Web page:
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August 27, 1887

THE CHIEF SOURCE OF DANGER IN THE USE OF THE UTERINE SOUND.Read in the Section on Obstetrics and Diseases of Women, at the Thirty-Eighth Annual Meeting of the American Medical Association, fune, 1887.

JAMA. 1887;IX(9):266-268. doi:10.1001/jama.1887.02400080010002a

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It is the prevailing opinion of the medical profession that the principal danger to guard against in probing or sounding the uterus is traumatic lesion from incautious handling of the instrument. This is also the teaching, positively or negatively, of nearly all the leading text-books on Gynecology; including those of such eminent authors as Emmet, Thomas, Goodell, Mundé, Hewitt and Courty.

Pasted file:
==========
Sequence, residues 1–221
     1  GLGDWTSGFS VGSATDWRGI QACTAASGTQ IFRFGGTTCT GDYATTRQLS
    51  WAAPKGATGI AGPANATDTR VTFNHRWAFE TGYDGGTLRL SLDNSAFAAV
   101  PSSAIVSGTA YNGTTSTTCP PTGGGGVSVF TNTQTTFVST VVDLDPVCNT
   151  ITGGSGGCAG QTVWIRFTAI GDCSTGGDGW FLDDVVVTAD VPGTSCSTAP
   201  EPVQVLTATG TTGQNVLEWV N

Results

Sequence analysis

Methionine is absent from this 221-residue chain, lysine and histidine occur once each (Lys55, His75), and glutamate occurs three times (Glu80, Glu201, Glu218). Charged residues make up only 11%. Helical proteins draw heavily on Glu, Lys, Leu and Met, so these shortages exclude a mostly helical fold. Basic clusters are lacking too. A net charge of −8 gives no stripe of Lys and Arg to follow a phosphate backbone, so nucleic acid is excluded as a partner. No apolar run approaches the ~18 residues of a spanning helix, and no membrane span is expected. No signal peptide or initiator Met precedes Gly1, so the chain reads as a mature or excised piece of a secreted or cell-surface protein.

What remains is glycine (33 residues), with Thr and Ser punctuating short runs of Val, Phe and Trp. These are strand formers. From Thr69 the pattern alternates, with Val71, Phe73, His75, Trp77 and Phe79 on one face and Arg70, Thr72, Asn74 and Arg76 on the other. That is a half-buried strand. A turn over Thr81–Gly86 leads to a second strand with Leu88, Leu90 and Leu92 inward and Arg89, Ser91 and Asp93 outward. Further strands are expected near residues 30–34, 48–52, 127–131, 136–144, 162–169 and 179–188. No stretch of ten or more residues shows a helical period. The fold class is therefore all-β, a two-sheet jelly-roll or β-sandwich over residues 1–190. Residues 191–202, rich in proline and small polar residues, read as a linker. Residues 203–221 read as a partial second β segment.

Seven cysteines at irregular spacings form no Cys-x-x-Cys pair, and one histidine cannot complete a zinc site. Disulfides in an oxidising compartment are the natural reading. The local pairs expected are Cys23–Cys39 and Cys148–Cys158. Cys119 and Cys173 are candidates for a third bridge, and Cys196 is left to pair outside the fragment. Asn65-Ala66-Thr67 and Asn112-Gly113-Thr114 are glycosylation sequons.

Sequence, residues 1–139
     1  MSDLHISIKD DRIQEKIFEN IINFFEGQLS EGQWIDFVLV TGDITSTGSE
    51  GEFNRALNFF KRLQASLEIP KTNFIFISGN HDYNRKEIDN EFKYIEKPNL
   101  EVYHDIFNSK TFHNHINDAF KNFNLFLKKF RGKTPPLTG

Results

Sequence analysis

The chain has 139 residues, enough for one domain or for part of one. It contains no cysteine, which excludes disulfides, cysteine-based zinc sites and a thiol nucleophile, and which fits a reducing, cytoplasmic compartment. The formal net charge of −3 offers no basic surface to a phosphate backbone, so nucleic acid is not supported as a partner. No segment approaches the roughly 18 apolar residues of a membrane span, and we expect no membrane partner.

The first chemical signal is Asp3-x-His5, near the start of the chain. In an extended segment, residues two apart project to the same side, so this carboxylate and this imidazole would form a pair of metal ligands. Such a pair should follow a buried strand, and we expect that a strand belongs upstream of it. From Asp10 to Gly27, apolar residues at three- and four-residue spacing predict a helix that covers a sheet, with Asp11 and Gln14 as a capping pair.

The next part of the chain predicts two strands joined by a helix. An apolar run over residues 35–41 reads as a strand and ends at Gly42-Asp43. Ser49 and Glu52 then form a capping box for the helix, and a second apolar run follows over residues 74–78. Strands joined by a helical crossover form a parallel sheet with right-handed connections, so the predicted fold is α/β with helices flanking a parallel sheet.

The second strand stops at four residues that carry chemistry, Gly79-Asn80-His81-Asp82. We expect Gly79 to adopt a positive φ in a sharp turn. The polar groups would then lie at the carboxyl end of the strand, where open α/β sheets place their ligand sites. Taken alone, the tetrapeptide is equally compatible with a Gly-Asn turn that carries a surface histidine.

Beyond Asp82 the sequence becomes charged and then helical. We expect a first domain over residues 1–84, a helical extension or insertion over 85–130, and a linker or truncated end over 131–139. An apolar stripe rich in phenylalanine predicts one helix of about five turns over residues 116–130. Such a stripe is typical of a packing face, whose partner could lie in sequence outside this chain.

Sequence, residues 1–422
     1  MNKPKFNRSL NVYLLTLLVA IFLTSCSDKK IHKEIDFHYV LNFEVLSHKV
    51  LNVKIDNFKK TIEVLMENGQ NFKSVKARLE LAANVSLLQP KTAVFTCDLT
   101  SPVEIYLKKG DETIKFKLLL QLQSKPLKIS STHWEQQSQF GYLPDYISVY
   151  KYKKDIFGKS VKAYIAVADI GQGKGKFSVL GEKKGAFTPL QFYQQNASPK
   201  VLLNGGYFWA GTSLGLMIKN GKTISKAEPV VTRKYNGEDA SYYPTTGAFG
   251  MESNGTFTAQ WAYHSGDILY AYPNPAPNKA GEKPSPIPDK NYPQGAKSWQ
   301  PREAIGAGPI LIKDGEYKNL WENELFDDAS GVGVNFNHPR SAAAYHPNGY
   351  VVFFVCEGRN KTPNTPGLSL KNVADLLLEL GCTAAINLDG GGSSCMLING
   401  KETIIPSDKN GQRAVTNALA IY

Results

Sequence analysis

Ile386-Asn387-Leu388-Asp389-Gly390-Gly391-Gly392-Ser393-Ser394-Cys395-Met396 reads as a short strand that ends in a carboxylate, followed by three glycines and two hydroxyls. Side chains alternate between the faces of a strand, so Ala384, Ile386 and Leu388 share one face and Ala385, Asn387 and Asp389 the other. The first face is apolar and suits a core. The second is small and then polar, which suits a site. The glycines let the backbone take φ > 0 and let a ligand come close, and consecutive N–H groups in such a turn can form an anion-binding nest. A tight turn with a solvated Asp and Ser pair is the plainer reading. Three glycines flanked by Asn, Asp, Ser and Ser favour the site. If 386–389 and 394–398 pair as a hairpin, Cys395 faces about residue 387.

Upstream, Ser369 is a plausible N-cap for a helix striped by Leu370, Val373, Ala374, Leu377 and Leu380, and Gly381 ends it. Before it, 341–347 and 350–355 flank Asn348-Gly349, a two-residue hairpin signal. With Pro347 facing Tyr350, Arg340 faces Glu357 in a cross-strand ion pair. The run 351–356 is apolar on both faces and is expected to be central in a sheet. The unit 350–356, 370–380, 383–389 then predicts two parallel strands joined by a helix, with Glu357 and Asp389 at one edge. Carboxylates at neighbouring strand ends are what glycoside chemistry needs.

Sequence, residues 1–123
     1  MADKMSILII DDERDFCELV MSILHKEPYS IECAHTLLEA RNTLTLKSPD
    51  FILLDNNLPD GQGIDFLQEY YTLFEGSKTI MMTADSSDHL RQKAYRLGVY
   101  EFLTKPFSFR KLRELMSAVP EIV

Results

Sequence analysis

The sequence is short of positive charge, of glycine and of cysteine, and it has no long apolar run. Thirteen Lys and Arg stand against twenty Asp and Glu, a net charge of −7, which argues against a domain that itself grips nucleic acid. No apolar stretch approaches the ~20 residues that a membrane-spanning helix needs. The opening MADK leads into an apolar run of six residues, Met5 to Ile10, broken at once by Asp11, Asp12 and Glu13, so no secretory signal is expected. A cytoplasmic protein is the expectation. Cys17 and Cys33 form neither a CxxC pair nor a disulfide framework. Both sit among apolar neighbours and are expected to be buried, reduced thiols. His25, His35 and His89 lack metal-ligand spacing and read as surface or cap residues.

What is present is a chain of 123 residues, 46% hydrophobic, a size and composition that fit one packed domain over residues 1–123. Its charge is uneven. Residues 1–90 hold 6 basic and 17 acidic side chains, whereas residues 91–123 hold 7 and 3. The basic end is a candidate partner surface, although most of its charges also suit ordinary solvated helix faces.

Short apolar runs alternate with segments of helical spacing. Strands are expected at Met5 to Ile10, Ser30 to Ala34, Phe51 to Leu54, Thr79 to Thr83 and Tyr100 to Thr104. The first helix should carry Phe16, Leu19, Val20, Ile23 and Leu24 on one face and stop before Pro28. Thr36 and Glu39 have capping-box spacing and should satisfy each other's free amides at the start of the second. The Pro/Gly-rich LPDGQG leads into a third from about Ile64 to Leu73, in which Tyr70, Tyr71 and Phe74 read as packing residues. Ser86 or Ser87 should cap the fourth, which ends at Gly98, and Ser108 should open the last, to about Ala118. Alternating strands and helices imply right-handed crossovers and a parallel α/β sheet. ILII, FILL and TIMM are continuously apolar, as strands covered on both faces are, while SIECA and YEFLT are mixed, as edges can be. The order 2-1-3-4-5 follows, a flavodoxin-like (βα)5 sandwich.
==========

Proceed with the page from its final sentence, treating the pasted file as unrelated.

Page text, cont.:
In the third edition of the "Principles and Practice of Gynaecology" Emmet says: "Many a poor woman has endured years of bad health from the carelessness of her physician, in overlooking a latent cellulitis which became rekindled by the unskillful use of the probe or sound." Every student of this great master leaves his book with the impression that lesion from rough or incautious handling of the instrument is the danger chiefly to be borne in mind. Conformably to this view, Dr. E. C. Dudley, in his recent contribution to Pepper's "System of Medicine," conveys at once his own opinion

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